Exploring a sunken slave ship was beyond any dream Michael Cottman could have imagined as a young child in his native Detroit.
Fascination with the underwater adventure TV series "Sea Hunt" lit a fire in Cottman to learn scuba diving, quite a stretch for a young, black boy growing up in a landlocked city. Realizing that dream and combining it with his profession as a journalist later in life led him to capture the incredible story of the Henrietta Marie, the recovered slave ship he was fortunate enough to explore as part of the National Association of Black Scuba Divers and later research across several continents in the early 90s.
That odyssey became the 1998 book, "The Wreck of the Henrietta Marie: An African American's Spiritual Journey to Uncover a Sunken Slave Ship" and the paperback renamed "Spirit Dive" in 1999. Nearly three decades later, the story lives on as National Geographic released the young adult version, "Shackles from the Deep: Tracing the Path of a Sunken Slave Ship, a Bitter Past, and a Rich Legacy" for ages 10 to 16, earlier this year.
The Pulitzer Prize winner, who described "Shackles from the Deep" as "part detective story, part underwater mystery, part adventure tale," uses the book to retrace his journey from "Sea Hunt" to the Henrietta Marie and beyond, including his travels to London to research where the slave ship originated as well as to the various ports to which it sailed and coasts off of Africa where it may have packed in its captives.
Before shipwrecking near Key West in 1700, the Henrietta Marie, according to research, dropped off 250 kidnapped Africans in Carlisle Bay, Barbados and 190 in Port Royal, Jamaica. But it wasn't until 1972 when black Panamanian underwater treasure hunter Moe Molinar took note of shackles and a cannon from a ship that the contemporary Henrietta Marie story began.
Other divers encountered the ship before Molinar but their focus was on monetary treasures. In 1983, marine archaeologist David Moore discovered the watch bell from the ship, identifying it as the Henrietta Marie. Exploratory dives, including some with black divers, followed in the 90s and Cottman was able to join in.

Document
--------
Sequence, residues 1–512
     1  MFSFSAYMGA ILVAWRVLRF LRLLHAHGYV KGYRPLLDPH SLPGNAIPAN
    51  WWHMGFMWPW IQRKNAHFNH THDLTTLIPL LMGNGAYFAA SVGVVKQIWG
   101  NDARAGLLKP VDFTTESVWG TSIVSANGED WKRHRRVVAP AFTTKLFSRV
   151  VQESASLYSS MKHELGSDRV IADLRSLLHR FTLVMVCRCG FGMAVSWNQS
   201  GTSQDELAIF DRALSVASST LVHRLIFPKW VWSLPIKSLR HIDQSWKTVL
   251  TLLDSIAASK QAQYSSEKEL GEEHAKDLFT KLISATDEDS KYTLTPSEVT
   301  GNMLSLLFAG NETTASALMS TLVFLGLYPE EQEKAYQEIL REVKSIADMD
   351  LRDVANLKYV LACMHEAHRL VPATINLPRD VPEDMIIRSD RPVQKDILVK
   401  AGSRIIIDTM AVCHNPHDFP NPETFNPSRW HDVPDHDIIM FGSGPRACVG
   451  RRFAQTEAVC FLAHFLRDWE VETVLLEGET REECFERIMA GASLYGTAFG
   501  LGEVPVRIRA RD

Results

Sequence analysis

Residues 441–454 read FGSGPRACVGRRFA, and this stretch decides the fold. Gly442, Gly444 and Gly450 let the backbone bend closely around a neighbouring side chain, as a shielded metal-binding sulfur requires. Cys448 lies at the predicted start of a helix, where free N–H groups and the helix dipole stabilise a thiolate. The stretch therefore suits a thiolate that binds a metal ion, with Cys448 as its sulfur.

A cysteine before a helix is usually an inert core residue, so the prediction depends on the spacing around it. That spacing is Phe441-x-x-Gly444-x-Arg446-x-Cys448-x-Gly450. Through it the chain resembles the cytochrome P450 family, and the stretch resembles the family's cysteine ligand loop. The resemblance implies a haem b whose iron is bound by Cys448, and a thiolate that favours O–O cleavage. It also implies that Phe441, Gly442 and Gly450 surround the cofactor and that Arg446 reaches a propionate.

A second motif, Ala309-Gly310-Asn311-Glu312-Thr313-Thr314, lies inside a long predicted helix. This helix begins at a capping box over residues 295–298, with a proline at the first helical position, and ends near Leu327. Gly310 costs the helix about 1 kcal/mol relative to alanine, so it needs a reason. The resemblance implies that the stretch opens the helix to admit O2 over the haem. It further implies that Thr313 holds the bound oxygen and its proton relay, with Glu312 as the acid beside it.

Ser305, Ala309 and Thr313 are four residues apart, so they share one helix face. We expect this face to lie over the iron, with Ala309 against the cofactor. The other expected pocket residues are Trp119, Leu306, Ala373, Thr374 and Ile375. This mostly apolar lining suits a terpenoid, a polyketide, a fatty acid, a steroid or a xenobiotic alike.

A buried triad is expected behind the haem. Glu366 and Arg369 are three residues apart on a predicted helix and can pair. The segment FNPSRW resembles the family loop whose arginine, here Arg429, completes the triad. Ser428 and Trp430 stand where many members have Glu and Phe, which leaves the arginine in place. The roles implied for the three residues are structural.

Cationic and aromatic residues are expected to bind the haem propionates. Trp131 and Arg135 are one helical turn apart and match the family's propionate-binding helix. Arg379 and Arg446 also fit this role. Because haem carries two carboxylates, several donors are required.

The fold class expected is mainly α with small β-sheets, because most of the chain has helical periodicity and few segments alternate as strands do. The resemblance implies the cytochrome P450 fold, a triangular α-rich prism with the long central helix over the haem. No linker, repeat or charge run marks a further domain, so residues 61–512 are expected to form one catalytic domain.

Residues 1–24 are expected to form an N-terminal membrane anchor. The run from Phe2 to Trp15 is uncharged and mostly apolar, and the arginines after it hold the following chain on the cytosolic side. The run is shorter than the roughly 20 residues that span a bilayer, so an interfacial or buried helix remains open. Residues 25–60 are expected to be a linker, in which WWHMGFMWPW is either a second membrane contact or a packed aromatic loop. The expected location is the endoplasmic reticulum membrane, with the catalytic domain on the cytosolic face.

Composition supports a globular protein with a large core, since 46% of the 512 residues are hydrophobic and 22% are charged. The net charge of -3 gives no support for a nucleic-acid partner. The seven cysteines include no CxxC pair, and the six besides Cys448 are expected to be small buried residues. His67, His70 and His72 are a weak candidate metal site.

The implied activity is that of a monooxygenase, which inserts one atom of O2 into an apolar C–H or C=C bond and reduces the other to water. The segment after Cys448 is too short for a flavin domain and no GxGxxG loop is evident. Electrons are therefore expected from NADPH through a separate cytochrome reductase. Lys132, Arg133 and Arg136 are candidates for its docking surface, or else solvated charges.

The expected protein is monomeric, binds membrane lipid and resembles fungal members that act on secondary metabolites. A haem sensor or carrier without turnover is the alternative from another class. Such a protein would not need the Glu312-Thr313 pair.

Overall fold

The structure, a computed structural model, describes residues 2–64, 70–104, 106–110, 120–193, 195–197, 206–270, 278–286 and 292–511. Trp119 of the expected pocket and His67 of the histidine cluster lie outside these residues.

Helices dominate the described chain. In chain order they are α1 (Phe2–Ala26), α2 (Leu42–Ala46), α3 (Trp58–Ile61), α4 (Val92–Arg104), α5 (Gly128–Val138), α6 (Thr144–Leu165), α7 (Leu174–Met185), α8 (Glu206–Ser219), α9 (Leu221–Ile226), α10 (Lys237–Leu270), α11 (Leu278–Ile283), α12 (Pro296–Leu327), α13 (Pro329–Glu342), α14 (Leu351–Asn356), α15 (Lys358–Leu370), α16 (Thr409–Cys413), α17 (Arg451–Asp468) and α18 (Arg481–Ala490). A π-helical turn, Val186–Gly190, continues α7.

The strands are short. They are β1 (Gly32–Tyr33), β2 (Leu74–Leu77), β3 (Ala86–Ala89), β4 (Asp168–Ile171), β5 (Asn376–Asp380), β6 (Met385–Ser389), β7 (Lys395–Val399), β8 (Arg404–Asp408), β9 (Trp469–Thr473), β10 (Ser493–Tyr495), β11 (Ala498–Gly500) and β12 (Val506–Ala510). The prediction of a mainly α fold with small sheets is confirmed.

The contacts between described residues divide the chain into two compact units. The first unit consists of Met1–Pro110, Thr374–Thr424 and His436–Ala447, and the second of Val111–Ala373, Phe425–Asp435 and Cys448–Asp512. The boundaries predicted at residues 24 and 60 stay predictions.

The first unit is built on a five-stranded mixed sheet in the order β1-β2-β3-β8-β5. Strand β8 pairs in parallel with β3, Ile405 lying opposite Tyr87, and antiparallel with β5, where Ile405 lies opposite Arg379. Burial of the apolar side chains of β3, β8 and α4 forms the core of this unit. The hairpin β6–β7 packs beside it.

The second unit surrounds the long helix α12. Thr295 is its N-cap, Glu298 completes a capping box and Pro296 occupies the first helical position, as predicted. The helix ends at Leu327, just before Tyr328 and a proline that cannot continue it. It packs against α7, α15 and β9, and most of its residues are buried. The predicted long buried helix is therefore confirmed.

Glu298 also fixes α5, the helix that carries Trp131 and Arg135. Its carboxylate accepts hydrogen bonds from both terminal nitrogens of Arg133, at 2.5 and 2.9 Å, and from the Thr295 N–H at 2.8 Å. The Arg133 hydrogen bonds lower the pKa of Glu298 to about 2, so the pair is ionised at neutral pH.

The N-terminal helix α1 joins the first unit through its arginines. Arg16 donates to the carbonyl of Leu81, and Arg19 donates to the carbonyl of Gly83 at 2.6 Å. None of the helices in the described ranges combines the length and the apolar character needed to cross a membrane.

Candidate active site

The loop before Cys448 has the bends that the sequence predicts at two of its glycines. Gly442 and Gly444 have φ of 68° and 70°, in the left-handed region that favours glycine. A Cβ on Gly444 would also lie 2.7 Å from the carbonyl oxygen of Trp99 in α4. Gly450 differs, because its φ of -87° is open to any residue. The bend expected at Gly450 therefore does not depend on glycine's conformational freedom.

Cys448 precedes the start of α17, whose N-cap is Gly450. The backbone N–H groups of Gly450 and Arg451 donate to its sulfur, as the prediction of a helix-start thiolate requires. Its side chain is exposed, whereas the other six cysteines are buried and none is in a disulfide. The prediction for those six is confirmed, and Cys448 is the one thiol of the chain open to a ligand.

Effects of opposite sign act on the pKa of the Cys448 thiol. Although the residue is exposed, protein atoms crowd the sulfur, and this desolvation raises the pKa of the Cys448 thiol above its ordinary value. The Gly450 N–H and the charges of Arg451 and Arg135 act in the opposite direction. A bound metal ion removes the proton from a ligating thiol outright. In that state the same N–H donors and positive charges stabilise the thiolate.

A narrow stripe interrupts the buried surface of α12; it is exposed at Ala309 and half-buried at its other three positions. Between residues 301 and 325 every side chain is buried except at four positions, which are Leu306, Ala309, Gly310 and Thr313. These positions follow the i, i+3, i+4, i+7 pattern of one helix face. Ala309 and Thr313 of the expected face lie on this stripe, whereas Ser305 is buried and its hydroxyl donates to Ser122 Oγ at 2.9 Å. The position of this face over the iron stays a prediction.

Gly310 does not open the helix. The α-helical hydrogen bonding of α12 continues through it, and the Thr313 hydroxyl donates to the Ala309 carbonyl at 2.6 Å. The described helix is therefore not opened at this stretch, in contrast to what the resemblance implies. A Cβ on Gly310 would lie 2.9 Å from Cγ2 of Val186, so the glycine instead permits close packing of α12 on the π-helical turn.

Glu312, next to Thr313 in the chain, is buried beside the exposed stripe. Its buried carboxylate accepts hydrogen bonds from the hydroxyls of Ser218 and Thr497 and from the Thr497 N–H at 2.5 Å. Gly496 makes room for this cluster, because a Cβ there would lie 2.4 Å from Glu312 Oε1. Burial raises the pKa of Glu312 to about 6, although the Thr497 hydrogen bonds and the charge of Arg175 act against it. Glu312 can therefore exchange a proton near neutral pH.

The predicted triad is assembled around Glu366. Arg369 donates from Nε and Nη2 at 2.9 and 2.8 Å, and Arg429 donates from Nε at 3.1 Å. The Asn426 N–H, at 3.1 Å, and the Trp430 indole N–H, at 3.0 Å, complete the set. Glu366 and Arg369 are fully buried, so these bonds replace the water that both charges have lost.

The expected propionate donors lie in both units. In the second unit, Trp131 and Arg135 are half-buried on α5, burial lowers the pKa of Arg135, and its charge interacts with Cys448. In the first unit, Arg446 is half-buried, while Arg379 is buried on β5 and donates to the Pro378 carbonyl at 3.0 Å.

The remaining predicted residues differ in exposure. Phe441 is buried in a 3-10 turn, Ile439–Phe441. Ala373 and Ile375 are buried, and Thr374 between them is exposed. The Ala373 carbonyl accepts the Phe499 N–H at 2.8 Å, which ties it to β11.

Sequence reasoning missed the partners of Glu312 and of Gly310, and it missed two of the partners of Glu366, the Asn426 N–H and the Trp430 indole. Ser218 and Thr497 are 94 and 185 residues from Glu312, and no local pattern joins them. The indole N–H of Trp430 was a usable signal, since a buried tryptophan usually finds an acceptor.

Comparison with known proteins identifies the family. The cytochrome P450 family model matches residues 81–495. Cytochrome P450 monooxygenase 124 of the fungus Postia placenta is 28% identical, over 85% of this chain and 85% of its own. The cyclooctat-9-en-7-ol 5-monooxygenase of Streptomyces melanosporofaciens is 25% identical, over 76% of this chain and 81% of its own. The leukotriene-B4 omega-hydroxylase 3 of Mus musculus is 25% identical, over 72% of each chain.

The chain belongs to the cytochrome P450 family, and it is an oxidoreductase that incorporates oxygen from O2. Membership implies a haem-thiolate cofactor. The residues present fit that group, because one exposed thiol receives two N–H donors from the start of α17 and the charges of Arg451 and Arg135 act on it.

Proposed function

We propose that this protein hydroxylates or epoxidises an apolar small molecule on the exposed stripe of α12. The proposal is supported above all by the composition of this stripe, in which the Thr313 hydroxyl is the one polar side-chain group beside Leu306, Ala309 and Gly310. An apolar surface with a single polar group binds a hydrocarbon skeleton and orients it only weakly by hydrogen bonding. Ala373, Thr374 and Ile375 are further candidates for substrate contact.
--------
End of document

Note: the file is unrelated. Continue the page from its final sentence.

Through those dives, the image of shackles — made just for children — was forever seared into his memory and his role as the ship's chief storyteller began.
Despite this horror dating back centuries, Cottman firmly believes that the story of the Henrietta Marie, whose exhibition is on permanent display at the Mel Fisher Maritime Museum in Key West, still resonates.
"I thought it was important for young people to know about the African slave trade, but also to know the African genius that was brought to these shores by African people through mathematics and science and poetry, culture and music, and that there's still an uplifting element to this story because we've survived and excelled," Cottman shared, recalling a book tour at the beginning of the year that placed him in front of about 1500 kids of various racial and ethnic backgrounds across five states.
"I wanted them to know that this book is timely [in] this current racial and political climate because it teaches these young readers to understand and appreciate cultural differences — because we're living and interacting in this ever-expanding multicultural society," Cottman said.
To bring the experience to life, Cottman shared images of the the artifacts -- shackles, pewter ware and mugs used by slave ship captains, and trading beads -- with the students.
"What I am hoping with this book is that it gives young readers an opportunity to learn and understand the history of slavery through one slave ship, the Henrietta Marie," Cottman explained. "There's no better illustration for racial partnership to me than introducing, in the book and in my lectures, the partnership of the National Association of Black Scuba Divers and the white marine archeologists we worked with to explore the Henrietta Marie."
Although both groups were drawn to the relic for different reasons—an emotional connection for the black divers and an archeological one for the white divers -- the takeaway for young readers is to work together for a common purpose.
"We confronted a few prickly racial issues along the way, but the bottom line is we worked together toward the same passion," said Cottman. "That passion was to learn more about the slave ship."
With film and TV opportunities also in the works, Cottman may truly bring this story full circle, touching another young kid the same way "Sea Hunt" touched him at that age. "I've been given an incredible opportunity," he said of his journey. "This is an important story. It's important for everybody."